Published by Paula Wiseman Books, January 1, 2013

Questions and Answers with Victoria Rebels’ author,

Carolyn Meyer

1. After writing about Queen Victoria, are there any leaders living today who you believe exemplify the qualities carolyn_182x228px-210she possessed? If so, who and why. If not, what made her unique?

Your question immediately prompted me to think about Hillary Clinton–even though you didn’t specify gender–for a number of reasons. Hillary has completely dedicated herself to public service, as Victoria did. She has matured into her role, as Victoria did. She has learned to navigate in a male-dominated world, as Victoria did. 

2. You stated that Queen Victoria “tries to please her unpleasable mother,” which is certainly the circumstances for many teens today. What is your advice to them?

I, too, am the daughter of an “unpleasable mother,” and my advice would be to learn how to negotiate these turbulent waters as well as you can and to retain a sense of who you are at your core. And then, finally, you must learn to forgive them. It took Victoria a long time to learn to do that–as it did me. 

3. You used Queen Victoria’s diaries to help construct some of the details for Victoria Rebels. With the Internet today, may young adults are chronicling their lives on social media sights [sites] such as Twitter and Facebook and Pinterest. Do you see any benefits to going back to keeping a diary? If so, what would they be?

Yes, I do, but it has more to do with developing self-discipline and self-reflection, as weirdly old-fashioned as that sounds, and I think it should be kept private. When I was a young girl, I had a diary with a tiny lock on it, and I was always afraid that someone–my mother!–would read my most secret thoughts. Now it seems, that need for inner privacy seems to have dwindled–even disappeared–and that’s a shame.

VictoriaRebels_cover4. I saw that your favorite job is writing, rewriting, and re-rewriting. Since you write historical fiction, I’m guessing that you also enjoy the research process? What tips do you have for writers who are interested in writing historical fiction and would you stray from “facts” or construct your novel around them?

You guess right! Research is the fun part, and it’s so much easier than writing! I use a combination of research methods–public and university libraries, the internet, and, if I can, traveling to visit the places I’m writing about. I’d advise others who want to write historical fiction to continue the research right up to the final draft and to pay special attention to accuracy. I never change known facts, but when I turn up contradictory facts (as happens as you go further back in history, to the Tudor era, for instance) I go with what works best for the narrative. In many novels I’ve invented characters–a servant is often a useful tool for conveying information–but I didn’t have to make up a single soul in Victoria’s story. They are all extremely well documented; all I had to do was set the scenes.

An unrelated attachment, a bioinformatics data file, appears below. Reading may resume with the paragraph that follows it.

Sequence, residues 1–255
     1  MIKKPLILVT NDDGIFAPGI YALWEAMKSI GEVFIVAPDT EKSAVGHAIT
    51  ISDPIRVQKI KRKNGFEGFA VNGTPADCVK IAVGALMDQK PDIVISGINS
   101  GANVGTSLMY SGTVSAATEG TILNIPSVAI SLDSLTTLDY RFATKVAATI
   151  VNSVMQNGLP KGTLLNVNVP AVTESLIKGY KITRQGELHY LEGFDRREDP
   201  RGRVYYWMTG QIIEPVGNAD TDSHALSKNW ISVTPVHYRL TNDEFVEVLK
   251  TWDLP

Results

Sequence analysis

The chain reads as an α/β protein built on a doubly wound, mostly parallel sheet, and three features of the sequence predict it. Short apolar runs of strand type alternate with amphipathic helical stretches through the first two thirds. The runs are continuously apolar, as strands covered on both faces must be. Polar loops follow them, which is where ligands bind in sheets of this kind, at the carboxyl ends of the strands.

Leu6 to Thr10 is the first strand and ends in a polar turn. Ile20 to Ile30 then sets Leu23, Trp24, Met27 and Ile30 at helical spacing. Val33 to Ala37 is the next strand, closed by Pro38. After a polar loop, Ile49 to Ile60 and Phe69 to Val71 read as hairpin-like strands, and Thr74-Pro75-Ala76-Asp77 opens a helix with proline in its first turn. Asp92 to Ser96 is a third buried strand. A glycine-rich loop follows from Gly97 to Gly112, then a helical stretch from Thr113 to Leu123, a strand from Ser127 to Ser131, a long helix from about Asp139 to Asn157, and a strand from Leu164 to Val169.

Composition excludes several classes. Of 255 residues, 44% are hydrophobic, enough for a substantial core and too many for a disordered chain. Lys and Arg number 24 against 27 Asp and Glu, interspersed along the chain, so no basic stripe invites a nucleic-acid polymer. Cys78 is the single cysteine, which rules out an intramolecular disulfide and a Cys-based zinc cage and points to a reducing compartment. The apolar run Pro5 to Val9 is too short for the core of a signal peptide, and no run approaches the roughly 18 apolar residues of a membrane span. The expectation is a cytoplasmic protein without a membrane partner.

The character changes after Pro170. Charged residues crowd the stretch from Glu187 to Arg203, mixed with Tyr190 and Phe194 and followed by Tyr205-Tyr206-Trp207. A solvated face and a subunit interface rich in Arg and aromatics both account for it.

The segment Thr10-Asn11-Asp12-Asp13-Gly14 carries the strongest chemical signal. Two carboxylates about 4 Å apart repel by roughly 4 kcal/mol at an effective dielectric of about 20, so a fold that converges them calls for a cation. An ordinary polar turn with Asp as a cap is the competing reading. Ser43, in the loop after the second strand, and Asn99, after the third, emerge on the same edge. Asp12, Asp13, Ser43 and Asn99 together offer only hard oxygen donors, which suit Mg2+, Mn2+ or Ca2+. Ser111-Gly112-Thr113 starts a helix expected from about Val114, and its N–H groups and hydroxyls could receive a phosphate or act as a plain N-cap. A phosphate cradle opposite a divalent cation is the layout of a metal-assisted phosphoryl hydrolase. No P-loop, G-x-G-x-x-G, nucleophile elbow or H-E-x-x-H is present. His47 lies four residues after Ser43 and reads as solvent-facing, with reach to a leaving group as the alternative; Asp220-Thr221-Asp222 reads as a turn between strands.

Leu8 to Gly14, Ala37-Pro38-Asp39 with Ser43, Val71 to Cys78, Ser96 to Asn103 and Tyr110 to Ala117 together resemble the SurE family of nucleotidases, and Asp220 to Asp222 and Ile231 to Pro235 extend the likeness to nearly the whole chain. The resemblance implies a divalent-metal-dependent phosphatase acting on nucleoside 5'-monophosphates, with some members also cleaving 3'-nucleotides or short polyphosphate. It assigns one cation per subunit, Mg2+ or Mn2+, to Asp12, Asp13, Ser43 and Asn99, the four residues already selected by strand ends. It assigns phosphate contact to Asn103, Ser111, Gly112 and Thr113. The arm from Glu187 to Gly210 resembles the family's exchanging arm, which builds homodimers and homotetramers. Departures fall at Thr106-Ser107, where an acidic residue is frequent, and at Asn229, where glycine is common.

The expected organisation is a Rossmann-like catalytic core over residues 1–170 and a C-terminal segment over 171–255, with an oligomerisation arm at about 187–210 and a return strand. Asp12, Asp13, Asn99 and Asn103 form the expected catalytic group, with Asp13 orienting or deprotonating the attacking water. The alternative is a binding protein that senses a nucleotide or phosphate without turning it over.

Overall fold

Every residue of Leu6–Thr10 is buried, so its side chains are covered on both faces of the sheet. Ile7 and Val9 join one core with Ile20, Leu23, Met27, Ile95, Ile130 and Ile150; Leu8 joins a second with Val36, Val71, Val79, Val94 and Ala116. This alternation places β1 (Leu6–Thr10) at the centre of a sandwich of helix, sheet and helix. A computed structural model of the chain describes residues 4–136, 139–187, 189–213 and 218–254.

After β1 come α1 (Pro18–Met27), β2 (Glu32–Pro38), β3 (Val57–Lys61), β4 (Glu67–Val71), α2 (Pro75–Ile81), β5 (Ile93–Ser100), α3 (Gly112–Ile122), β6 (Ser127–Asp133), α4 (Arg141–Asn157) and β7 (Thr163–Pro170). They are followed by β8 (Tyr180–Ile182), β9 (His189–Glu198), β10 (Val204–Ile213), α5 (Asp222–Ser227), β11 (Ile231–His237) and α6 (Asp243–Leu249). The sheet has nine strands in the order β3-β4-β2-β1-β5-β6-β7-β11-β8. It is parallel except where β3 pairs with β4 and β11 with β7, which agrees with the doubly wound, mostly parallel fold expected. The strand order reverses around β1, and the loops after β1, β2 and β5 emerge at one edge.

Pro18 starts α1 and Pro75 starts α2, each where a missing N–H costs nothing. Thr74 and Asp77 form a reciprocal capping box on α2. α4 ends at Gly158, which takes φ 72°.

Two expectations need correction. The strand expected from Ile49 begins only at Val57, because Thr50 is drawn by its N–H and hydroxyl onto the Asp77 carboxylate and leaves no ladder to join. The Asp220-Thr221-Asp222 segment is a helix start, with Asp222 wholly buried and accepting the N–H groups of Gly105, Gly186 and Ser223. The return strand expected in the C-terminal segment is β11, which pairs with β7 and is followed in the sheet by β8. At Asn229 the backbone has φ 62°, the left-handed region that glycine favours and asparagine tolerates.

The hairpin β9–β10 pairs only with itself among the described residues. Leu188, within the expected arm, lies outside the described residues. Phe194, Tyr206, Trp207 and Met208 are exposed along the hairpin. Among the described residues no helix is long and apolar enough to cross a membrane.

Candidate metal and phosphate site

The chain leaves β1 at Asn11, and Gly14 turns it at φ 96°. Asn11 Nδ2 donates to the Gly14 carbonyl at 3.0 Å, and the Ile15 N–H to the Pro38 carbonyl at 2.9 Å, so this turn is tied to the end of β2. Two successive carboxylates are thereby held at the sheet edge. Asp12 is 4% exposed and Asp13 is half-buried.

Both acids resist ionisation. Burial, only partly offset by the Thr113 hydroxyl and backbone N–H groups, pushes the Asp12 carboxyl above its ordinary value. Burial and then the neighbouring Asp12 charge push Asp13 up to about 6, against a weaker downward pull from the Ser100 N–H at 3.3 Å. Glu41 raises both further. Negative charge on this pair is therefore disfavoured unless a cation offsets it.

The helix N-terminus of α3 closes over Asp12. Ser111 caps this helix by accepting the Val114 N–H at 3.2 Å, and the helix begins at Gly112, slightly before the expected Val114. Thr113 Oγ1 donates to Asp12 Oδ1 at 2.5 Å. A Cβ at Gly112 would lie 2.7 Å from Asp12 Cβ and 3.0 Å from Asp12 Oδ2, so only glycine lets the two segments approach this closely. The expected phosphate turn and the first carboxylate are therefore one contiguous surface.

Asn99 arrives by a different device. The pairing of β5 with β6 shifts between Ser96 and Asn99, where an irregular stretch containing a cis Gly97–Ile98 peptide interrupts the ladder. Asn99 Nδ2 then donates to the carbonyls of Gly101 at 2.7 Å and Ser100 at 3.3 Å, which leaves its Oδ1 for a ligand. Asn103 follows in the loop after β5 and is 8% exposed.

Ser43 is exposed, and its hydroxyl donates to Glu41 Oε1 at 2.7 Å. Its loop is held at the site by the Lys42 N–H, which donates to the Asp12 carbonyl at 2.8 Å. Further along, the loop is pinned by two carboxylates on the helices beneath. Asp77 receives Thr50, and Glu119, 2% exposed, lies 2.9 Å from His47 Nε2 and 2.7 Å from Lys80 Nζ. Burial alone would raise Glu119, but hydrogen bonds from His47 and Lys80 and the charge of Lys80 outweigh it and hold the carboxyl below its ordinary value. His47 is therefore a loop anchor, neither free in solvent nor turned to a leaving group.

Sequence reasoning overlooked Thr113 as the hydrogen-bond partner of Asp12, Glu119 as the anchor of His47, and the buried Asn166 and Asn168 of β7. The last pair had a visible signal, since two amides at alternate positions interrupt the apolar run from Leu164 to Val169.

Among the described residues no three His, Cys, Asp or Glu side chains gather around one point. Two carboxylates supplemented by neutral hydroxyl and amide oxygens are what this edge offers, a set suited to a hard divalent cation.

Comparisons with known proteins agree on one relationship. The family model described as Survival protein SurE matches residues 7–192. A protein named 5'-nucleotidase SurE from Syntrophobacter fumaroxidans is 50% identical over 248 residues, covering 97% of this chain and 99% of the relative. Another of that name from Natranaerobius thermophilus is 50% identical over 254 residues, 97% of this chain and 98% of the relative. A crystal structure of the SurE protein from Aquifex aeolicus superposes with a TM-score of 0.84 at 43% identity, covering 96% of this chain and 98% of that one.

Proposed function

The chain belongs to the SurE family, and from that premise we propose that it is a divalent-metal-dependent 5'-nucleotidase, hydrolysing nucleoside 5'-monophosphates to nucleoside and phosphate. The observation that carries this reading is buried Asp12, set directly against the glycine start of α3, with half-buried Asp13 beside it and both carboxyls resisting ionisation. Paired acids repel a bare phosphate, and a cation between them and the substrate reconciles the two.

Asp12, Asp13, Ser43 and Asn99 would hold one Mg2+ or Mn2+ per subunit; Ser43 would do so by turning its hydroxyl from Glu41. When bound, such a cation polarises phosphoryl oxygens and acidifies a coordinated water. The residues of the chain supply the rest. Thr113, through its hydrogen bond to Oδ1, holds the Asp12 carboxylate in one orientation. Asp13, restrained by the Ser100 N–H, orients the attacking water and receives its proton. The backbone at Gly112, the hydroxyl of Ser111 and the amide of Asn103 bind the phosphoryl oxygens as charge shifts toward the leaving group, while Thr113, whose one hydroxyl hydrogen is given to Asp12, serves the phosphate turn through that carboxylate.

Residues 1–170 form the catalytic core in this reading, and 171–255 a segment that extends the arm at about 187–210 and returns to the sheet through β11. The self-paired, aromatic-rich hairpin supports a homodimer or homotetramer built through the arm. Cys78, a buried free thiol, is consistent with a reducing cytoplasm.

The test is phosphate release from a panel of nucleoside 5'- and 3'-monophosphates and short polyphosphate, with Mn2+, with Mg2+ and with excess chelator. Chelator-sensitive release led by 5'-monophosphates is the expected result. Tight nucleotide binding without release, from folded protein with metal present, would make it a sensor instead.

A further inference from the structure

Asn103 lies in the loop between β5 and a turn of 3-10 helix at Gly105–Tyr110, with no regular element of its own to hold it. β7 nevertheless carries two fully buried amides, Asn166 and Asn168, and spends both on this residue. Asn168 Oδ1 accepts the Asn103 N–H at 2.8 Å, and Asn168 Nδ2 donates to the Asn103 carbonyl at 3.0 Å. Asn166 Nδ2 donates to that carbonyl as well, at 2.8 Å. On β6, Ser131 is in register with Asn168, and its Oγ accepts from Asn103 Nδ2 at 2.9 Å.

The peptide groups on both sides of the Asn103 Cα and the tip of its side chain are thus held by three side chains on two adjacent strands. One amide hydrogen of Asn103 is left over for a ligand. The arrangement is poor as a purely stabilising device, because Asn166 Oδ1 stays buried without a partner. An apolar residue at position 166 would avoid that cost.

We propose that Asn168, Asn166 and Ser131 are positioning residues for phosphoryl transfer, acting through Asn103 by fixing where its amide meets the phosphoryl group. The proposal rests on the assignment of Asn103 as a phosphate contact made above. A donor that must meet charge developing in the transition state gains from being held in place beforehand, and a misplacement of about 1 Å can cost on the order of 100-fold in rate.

5. I love “My Writer’s Journal” http://www.readcarolyn.com/blog.htm and noticed in your December 31, 2010 entry that you were really struggling to get past the first line of Victoria Rebel. ” I hate Sir John Conroy.” Obviously, you got past those six weeks of writing and rewriting the first five pages. What was your process in moving forward and persevering? Did something change in your thinking? If so, what was it? Assuming that you were, at times, frustrated, how did you cope?

I just went back and looked at that entry, trying to remember what was in my head two years ago. Apparently I believed I had a really good opening line, but as you’ve noted, I didn’t quite know where to go with it. Eventually I sent the first draft off to the editor (I don’t think of it as a draft, mind you; I always think I’ve finished!); to my absolute horror, she wanted me to cut most of what I had written in the first chapter. She was right, and that got me moving forward more confidently. And I managed to keep the first line.

6. Of all the places you’ve traveled, which has most influenced your writing and why?

I’ve traveled a lot, and I’ve always gained insights, but the places that have most influenced me are the ones I’ve called home–Pennsylvania, where I grew up, and New Mexico, where I’ve lived for many years.

7. Do you ever just travel for fun or is it always connected to a book you’re writing? Where are you going next?